Plastics have been around for over 150 years, but we're still learning about their effects on the environment. On the one hand, plastic has revolutionized food storage and transportation by making it easier than ever before to keep food fresh and safe as it moves from producers to consumers. On the other hand, we've seen how large pieces of plastic can end up in marine environments where they break down into smaller pieces called microplastics. These microplastics can then be eaten by fish or other animals or enter our food chain through plants that absorb them from soil or water sources contaminated by leaching plastics or microplastic particles. The good news is that some types of plastic are biodegradable and will decompose naturally when exposed to sunlight or another source of heat—although this may take months or even years!
You may have come across claims that plastic is biodegradable or nonbiodegradable. This is not the case. In fact, all plastics are designed to look like they will be broken down by microorganisms—but this doesn't mean that it actually happens.
There are a few different types of plastic that can biodegrade if they're exposed to the right conditions:
Microplastics are small pieces of plastic that have been broken down from larger pieces. They can be formed by the breakdown of larger pieces or by being created as a result of a chemical reaction. Microplastics are found in almost every type of plastic, including products like toothpaste, cosmetics and clothing.
Microplastics have been found in the digestive tracts of fish, birds and other marine life; however there is currently no study that has shown how harmful they may be for humans.
Microplastics are hard to see. They're so small that you might not even realize you have them in your home. Microplastics can be found in almost every type of plastic, including water bottles and food packaging. Microbeads are often used as exfoliants in beauty products like toothpaste and facial scrubs, but they can also be found in clothing and cleaning supplies.
Many people don't realize that microbeads are made of plastic, so they may not think twice about putting them down the drain or flushing them down the toilet when they're done with their beauty routine—but these tiny pieces add up quickly! In fact, 2 trillion microbeads can fit into an area the size of a quarter!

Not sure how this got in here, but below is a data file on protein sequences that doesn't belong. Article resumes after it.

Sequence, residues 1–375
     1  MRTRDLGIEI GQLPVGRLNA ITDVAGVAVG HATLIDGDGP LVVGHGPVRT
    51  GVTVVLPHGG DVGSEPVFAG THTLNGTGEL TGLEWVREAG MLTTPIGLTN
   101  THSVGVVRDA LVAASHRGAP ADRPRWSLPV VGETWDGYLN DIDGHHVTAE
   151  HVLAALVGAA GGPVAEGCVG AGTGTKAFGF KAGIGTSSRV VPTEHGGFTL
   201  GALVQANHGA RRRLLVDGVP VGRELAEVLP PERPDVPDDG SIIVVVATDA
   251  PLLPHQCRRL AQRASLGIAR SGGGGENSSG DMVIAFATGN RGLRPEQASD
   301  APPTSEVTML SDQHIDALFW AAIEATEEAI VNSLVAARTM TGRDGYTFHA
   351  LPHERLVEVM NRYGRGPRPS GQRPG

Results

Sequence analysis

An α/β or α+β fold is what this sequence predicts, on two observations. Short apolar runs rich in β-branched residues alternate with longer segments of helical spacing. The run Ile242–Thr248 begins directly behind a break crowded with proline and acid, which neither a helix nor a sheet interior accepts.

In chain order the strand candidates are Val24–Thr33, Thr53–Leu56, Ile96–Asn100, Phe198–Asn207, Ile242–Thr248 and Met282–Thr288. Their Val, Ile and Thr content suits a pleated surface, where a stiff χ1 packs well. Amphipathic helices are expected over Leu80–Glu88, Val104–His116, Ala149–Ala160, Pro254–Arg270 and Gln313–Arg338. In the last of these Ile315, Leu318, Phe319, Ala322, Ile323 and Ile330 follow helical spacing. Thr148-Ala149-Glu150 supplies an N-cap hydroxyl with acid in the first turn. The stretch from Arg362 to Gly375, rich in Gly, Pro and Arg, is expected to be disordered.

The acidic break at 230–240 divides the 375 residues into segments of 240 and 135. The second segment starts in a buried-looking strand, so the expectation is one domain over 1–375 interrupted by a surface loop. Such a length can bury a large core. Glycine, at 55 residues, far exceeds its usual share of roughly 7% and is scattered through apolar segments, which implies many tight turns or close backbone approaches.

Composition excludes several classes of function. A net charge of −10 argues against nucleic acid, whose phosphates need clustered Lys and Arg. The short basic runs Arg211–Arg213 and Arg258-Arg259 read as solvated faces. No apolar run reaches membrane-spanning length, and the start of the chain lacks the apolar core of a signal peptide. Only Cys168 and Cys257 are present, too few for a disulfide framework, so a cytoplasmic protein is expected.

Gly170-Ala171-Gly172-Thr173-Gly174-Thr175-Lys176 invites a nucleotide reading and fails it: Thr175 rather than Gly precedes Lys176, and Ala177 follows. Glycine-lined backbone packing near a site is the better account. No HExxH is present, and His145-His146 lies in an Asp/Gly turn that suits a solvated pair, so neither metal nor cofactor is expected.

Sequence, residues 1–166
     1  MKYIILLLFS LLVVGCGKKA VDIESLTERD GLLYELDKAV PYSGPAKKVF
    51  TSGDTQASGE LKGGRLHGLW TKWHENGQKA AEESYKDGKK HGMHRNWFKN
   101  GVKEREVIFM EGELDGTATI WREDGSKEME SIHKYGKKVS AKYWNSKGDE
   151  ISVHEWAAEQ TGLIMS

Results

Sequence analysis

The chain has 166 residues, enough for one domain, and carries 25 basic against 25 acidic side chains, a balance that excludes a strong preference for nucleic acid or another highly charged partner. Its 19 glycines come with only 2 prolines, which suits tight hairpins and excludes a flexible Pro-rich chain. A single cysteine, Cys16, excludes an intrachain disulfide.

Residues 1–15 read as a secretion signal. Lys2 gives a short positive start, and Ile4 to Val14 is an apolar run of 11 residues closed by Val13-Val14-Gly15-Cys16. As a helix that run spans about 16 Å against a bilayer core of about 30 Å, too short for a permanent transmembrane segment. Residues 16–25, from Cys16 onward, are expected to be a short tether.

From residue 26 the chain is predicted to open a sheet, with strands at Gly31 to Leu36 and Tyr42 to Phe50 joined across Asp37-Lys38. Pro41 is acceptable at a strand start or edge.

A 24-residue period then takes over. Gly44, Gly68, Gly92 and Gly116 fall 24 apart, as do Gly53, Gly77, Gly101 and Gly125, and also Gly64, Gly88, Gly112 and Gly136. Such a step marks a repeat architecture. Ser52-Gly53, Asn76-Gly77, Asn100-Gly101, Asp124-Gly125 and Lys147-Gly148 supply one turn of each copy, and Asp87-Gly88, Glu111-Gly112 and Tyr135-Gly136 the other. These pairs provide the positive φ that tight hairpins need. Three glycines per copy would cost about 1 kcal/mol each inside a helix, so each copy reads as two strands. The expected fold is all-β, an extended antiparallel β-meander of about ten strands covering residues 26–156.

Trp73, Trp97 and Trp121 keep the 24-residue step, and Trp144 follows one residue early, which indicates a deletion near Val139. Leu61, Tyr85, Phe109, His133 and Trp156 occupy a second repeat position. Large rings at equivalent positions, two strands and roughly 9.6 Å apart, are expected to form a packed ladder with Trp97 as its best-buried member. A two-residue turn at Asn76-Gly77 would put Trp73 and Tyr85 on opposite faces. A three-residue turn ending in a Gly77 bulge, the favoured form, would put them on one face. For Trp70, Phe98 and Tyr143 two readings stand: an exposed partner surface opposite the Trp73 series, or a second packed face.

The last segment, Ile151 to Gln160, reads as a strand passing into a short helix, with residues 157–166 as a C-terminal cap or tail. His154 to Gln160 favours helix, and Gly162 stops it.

While we've known for some time now that these particles end up in our oceans and lakes due to wastewater runoff from farms, manufacturers' plants and sewage facilities (to name a few), recent research has shown that microplastics have made their way across land masses as well—even reaching remote areas like Antarctica—and into our waterways worldwide through various other means such as air pollution from vehicles or industrial processes (like mining).
The smallest pieces of microplastics are so small that they can actually pass through water filtration systems. The particles also have a tendency to absorb toxins, making them even more harmful if consumed. This means that even if you’re not eating plastic yourself, there’s still a chance it could end up in your system via the food chain.
There are many ways in which microplastics get into our food chain (and therefore our bodies). For example, they can be ingested by small organisms that live near the surface of lakes and oceans; these organisms will then be eaten by larger animals at higher levels in the food chain—like us!
The problem is not limited to seafood; microplastics have been found in other kinds of food as well, such as honeydew melon drinks or fresh vegetables from China!
Some organisms can eat plastic even if it doesn't look like food. Plastics are not biodegradable and cannot be broken down by animals or bacteria. But some organisms, like the tiny marine plankton called salps, will consume small pieces of plastic because they mistake them for food. This can cause problems when these micro-particles get large enough to block their digestive systems, or when they attract toxic chemicals that they then feed on to other organisms in their environment.
There is no doubt that the world would benefit from a material that could be safely broken down by natural processes. But this isn't a solution to the problem of plastic pollution, because it doesn't address all types of plastic waste. In fact, if your goal is to stop using plastic entirely and prevent it from entering the environment at all, biodegradability won't help you—it will only encourage recycling. The reason for this is simple: not all plastics are created equal. Some plastics break down easily in nature, and others can take thousands or even millions of years to degrade (or never do).
Some bacteria have been found to break down specific kinds of plastics, but these organisms weren't able to digest other types of plastic at all—and their ability disappeared over time due to heat exposure and other variables that affect their growth conditions outside their native environments."
There are some types of plastic that shouldn't be put into the environment, and you should use caution when throwing them out with regular trash.
What we know for sure is that there's no one-size-fits-all answer for biodegradable and nonbiodegradable plastics. Some types of plastic break down more easily than others, and there are always going to be unexpected factors that can affect how long something takes before it breaks down. It's important to do your research before making any decisions about what type of plastic you want to use in your home or office because even though they may seem similar at first glance (like #1 and #2), they could end up having very different effects on our environment over time!